Monday, January 12, 2009

Do You SKi like a Robot?

Skiing and snowboarding involves a series of complex movements all lumped together. The end result should be smooth, fluid, efficient and most importantly – enjoyable! If you find yourself being stiff and unabsorbing, then the problem might be more related to your training and not your skiing or your equipment. Skiing and riding requires a total body response. The muscles work as a team or a network to help us accomplish the task of getting down the mountain successfully through various terrain options. That said, from a training standpoint, one should train by performing exercises that activate the entire body so as to have the most transfer onto the slopes as possible.

Unfortunately, many exercises and programs still attempt to train the muscles in isolation, which to the body and nervous system is "unnatural." Think in terms of training movements and not muscles (not that there is anything wrong with isolated exercise). Especially since your training is dictated by your goal. If your goal is to "winterize" your body and improve your on the snow performance, then sitting on a bench and doing preacher curls is probably not the best exercise (unless you are talking about apres ski!).

In an ideal world, your training should help your body solve complex movement problems, so that when you encounter them on the slopes (and in real life)...your body already has the reflexive solution. Remember, your movement machinery adapts to how you train it. If you train in a slow and rigid manner, then that is what it will do when you are on the slopes. To be fast and explosive requires you to introduce these variables into your program.

Start by observing your exercise selection. Are most of your exercises done while you are on your feet (like many activities) or are you lying on your back, stomach or even sitting in a machine? Except for the chairlift and off-mountain festivities, skiing and riding are performed (at least well) in the upright position!

“I can’t even pick up my skis, how can I survive the moguls!”

Very often our daily lives contribute to our “robot-like” movement. With so much time spent in the seated position and periods of inactivity, our bodies tend to become more and more rigid. No wonder why Helen Hayes said, “If you rest, you rust!” The goals of your movement program should help to undo the negative affects of life and not contribute to it. If you find that your body is not responding to your current movement-enhancing program, then there are a few adjustments that need to be made.

Since skiing and snowboarding involves flexibility, endurance, strength, power, agility, coordination, balance; then these components become not just a good idea but also a necessity in your training program. As winter enthusiasts, it is our desire to excel and enjoy every turn to the fullest while we are on our decent down from the summit. Get the most out of every trip on the slopes with the proper conditioning when you are off the slopes!

Wednesday, January 07, 2009

Myth 7 - Working out takes too much time!

MYTH 7 - "Working out takes too much time!"

Perfect time to speak about this with this time of the year and all the resolutions that people have. Happy New Year to All!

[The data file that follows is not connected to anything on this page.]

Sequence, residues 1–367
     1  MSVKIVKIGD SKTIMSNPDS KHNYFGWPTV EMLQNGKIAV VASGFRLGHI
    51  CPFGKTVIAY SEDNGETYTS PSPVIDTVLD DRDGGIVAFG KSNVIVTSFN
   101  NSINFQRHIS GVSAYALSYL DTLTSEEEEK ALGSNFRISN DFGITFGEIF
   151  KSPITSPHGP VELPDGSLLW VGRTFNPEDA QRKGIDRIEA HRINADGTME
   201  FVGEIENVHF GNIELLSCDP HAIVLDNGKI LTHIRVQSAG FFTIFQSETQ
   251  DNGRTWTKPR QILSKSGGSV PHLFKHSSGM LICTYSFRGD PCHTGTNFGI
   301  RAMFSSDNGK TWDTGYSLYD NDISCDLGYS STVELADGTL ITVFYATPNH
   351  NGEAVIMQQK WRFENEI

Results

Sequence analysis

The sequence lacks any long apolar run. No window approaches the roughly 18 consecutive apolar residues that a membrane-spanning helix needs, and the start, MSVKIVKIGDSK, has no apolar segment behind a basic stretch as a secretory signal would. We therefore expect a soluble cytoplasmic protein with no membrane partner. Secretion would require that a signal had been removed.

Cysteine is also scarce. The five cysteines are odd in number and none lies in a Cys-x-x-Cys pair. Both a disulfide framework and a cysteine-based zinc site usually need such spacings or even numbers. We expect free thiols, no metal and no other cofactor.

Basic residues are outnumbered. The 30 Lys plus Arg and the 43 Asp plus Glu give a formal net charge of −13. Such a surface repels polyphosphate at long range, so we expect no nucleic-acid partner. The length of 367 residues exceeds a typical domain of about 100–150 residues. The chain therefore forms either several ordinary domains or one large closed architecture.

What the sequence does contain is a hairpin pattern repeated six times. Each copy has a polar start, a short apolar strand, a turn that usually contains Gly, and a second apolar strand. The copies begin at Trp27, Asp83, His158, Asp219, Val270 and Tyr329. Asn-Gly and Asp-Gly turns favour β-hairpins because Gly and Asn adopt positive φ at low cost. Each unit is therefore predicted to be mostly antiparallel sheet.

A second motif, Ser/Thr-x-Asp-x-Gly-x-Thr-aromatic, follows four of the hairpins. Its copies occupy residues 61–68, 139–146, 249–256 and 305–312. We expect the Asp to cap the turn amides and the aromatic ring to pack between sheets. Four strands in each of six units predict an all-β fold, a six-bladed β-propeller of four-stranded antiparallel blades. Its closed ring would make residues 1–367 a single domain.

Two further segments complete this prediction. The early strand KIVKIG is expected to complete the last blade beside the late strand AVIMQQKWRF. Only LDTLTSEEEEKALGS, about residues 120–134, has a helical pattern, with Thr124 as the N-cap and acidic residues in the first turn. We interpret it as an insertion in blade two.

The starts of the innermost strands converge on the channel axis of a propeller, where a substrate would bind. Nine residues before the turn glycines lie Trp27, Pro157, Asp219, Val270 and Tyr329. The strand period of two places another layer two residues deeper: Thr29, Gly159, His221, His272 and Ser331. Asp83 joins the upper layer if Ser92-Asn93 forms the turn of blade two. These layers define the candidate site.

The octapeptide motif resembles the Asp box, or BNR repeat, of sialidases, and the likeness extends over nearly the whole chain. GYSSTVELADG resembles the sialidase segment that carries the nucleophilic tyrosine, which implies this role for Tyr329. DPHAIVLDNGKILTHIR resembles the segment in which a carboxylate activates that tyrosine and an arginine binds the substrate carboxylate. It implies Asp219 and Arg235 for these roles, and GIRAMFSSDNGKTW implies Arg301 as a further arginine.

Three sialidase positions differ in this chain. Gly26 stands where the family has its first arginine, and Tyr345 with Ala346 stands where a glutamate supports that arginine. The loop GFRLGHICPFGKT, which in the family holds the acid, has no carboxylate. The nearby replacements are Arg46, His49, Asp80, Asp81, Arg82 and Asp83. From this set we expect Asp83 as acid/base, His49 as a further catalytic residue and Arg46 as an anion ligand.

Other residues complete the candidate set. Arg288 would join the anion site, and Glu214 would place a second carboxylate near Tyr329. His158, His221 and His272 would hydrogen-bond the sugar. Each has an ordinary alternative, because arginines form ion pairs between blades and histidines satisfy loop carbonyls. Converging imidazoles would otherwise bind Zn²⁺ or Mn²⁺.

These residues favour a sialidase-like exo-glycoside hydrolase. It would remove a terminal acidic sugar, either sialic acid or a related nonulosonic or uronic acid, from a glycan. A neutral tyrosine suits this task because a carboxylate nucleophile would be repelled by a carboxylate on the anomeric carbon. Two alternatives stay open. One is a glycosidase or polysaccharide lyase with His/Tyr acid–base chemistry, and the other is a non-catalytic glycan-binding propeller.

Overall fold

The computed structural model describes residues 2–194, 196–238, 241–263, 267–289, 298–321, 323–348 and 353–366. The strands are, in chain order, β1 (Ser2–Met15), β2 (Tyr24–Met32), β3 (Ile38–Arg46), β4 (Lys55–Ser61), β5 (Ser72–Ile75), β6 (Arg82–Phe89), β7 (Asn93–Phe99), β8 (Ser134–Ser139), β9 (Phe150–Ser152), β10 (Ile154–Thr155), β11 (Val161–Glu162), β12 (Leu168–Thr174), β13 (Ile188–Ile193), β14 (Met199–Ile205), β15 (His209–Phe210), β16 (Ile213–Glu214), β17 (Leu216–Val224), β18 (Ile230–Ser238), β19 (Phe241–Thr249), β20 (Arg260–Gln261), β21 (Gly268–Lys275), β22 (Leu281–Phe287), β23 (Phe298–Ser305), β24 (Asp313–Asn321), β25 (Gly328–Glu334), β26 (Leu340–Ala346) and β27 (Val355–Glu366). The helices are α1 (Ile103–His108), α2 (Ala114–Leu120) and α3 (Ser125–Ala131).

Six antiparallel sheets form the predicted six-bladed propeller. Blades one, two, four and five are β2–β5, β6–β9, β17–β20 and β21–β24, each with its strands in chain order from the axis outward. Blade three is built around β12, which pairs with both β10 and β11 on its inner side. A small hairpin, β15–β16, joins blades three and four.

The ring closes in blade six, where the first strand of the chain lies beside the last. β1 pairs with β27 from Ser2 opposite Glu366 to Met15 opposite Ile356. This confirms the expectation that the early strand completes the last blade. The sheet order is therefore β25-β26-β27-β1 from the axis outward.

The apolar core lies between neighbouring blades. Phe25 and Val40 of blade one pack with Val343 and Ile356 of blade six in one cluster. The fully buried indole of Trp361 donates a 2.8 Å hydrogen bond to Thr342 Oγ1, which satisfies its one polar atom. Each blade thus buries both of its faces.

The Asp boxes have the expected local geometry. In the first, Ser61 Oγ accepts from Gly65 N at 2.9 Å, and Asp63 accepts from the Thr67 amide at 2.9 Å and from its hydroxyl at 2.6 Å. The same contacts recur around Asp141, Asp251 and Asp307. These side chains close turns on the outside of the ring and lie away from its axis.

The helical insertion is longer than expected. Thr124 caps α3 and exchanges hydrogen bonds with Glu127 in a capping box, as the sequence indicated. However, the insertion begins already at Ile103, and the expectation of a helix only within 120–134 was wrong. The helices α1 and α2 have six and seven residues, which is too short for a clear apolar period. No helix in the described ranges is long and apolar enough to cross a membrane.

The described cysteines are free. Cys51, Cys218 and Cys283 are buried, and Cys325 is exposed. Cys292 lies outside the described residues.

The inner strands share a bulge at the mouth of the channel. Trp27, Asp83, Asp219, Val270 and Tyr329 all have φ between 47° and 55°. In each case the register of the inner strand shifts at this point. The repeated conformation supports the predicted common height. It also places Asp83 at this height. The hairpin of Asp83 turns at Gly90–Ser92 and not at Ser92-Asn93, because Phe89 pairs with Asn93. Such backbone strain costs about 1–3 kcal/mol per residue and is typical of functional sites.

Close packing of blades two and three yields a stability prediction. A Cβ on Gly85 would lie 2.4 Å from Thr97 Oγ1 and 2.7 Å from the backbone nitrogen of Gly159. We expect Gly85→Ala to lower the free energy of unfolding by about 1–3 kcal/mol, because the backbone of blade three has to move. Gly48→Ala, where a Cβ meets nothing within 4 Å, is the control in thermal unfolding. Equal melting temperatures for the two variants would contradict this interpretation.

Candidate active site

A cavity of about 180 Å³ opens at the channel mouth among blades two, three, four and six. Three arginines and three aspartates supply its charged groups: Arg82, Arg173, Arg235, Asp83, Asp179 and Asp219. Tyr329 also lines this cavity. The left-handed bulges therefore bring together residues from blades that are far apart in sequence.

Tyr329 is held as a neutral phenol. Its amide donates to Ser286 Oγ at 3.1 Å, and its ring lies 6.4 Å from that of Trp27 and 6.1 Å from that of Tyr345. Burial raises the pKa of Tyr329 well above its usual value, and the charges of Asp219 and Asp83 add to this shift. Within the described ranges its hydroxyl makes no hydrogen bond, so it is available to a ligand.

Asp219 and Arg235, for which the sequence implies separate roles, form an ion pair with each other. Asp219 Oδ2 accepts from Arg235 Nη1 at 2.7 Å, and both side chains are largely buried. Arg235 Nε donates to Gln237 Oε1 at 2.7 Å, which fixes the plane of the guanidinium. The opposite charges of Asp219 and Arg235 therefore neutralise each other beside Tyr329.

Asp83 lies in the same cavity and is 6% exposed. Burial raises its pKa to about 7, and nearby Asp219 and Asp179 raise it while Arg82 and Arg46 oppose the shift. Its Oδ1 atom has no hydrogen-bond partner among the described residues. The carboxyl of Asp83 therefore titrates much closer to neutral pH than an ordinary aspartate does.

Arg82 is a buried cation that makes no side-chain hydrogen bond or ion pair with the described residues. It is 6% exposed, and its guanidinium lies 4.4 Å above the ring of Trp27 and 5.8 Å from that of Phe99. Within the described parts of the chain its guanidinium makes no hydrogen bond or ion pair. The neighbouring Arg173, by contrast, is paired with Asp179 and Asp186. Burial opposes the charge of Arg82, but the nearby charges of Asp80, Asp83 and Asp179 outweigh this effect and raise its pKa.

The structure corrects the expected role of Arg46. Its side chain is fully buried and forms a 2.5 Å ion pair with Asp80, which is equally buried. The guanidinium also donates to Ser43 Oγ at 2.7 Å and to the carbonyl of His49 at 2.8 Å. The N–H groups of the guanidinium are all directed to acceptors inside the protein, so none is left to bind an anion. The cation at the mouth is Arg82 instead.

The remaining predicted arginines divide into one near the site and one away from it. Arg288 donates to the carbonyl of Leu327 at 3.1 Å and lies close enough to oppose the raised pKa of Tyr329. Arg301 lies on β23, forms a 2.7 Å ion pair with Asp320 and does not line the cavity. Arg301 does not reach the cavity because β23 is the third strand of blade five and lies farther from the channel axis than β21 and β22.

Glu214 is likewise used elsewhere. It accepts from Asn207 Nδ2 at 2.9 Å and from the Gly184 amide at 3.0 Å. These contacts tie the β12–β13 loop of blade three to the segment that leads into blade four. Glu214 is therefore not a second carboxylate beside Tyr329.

Since when did the amount of time anyone spends working out determine the caliber of a workout? I remember back when I was in the gym setting, I would see people in the gym for 2-3 hours (must be some workout?). You should see their "rest" in between exercises. Everyone chatting it up, hitting on one another and doing everything BUT moving (which I must add, that is why they walked through the gym door). I'm not saying you should be a social outcast, believe me...I love to engage in socializing as much as the next guy (or girl). Just don't tell me you spend 2 hours in the gym working out when in actuality you move for 34 minutes out of that 120!

The quality of your "movement session" is far more important that your time commitment. This does not mean that you cannot have a combination of BOTH variables (like a Long and Slow Duration Day). Time is just another variable that all of us have and are used to using to quantify "how much" of something that we do. We all have 24 hours in a day. How is it that some accomplish so much more in the SAME time period? Perhaps the quality of time they spend doing their "work" is far more productive than others? This can obviously be applied to anything in life, personal or business.

Ever hear that "they" say that you need to do 30 minutes of cardio BEFORE you even start burning fat? First of all, who is "they" and what makes "them" even qualified to speak about a particular topic of discussion. That would be like saying that the first 30 minutes of your drive to work, you don't burn any gas!? There are many myths that have been thrown around from this famous group that we all have heard a thing or two referred to as "they."

Start looking are your movement patterns and more importantly the quality of them. Throughout your day, how much of your movement is structured (IE, exercise) compared to unstructured (active lifestyle, sports, recreation, physical work, etc.). As a society, we all don't move enough and this creates a whole slew of problems (childhood obesity?).

Remember, time is just another variable. You can even use it to your advantage by eliminating your REST intervals in between your strength sets and now all the sudden you added another element to your strength program. By manipulating your rest intervals, you can enhance your current program, help you blast through a plateau that you may be in and right on topic, it will take you LESS time to get through your workout. Don't worry about have plenty of time throughout the rest of the day to get that in!